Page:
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Cleaning Tasks to Suit Your Timeframe header image
Whether you have 15 minutes, an hour, or a whole day at your disposal, this cleaning schedule will help you make the most of your time.


Work smarter, not harder

The secret to a successful cleaning routine is ‘chore snacking’ – doing smaller jobs often. It’s about using the time you’ve got efficiently. Whether you have a half-hour or half a day, make a dent in your ‘to do’ list by tackling a task.

Choose a project based on the time you have available and set a timer to stay focused. Not in the mood or feeling time-poor? Tackle the most visible tasks first. This will help give you a mental boost.

We’re sharing a list of time-based house cleaning jobs to get you started – and inspired! Grab your cleaning supplies and watch how quickly chore snacking makes a difference to the look and feel of your home.

Safety tip: Always wear the appropriate safety equipment (safety glasses, gloves, ear muffs and a mask, for example) and always follow the instructions for the product or equipment.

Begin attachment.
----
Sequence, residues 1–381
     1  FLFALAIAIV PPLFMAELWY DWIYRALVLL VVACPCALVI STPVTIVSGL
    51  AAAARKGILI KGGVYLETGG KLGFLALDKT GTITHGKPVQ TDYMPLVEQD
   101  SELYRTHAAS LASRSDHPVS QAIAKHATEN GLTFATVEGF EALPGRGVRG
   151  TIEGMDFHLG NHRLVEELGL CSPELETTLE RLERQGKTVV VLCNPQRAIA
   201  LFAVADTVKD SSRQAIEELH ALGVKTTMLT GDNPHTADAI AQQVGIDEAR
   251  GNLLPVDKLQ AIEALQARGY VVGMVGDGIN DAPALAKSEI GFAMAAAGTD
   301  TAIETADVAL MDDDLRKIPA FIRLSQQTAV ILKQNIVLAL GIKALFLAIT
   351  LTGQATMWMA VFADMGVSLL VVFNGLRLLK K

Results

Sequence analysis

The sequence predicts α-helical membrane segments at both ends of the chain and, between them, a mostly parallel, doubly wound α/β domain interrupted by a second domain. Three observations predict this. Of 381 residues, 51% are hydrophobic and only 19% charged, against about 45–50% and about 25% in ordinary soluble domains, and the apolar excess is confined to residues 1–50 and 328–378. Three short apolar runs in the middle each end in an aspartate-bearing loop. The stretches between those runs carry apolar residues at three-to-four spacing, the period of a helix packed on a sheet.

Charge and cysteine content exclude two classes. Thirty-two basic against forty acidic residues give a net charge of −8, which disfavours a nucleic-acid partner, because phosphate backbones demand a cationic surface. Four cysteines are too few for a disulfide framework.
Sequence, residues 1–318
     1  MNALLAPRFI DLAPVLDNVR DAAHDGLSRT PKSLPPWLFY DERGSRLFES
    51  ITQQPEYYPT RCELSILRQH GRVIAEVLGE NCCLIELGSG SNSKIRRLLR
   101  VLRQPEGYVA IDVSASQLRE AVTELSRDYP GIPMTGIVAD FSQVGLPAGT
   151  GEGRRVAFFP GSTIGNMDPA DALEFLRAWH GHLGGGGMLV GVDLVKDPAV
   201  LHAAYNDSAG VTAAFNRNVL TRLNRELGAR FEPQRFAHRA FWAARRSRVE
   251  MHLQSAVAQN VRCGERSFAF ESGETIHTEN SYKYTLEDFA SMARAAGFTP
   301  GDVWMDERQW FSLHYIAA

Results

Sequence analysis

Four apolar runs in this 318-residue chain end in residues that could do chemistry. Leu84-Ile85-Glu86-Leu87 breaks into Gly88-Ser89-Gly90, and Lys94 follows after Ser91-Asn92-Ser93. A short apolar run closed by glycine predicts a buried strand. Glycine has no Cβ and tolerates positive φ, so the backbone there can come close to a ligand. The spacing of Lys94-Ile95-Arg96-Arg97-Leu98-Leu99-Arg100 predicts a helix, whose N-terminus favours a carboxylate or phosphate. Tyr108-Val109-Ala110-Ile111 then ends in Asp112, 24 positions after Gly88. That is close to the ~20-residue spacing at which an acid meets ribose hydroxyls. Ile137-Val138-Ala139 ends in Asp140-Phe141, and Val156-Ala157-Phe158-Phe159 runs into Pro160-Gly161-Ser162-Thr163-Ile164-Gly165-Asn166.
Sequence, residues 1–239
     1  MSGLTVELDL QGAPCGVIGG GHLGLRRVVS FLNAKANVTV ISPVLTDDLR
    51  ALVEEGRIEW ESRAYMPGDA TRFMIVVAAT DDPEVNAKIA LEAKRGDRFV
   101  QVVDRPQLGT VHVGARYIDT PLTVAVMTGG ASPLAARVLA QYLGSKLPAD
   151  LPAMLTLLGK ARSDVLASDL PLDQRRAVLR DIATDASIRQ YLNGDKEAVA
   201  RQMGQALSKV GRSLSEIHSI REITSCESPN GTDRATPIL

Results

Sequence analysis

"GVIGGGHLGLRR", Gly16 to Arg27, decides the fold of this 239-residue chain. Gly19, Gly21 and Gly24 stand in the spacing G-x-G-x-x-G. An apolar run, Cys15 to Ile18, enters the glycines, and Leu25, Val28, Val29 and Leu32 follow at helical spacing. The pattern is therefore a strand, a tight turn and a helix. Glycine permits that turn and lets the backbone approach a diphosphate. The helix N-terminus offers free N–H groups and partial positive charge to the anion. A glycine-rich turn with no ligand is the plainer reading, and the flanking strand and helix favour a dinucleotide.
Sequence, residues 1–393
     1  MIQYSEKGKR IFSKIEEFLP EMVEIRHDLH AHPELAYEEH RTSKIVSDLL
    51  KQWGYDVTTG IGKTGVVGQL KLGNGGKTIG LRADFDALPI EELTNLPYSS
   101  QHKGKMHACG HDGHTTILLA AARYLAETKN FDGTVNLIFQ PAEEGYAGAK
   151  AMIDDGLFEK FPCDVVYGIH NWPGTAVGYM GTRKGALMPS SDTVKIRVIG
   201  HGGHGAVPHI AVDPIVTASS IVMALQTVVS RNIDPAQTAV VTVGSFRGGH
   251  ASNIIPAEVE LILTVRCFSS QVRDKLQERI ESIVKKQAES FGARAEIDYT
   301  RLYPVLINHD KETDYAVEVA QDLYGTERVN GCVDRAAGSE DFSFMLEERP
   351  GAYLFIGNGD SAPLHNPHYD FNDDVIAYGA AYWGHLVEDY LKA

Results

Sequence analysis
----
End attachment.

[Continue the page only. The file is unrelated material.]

Hands wearing orange rubber gloves cleaning the outside of an oven

15-minute house cleaning jobs

Do a nightly reset. Many hands make light work, says cleaning and organising expert Chantel Mila Ibbotson (@mama_mila_au). She suggests the household spends 15 minutes after dinner sharing tasks like loading the dishwasher, putting away toys and schoolwork, and doing a quick vacuum of high-traffic areas.

Do a morning reset. “I do a quick tidy of breakfast dishes and load the washing machine, using the ‘delay’ function so it’s done by the time we finish work,” says Chantel. Add making the beds to this cleaning checklist and you’ll instantly start the day on the right track.

Do a quick mop. Use a damp flat mop (the ones that have a spray bottle built into the handle are ideal) to quickly slide around the messiest bits of the home, like the kitchen or entrance hall.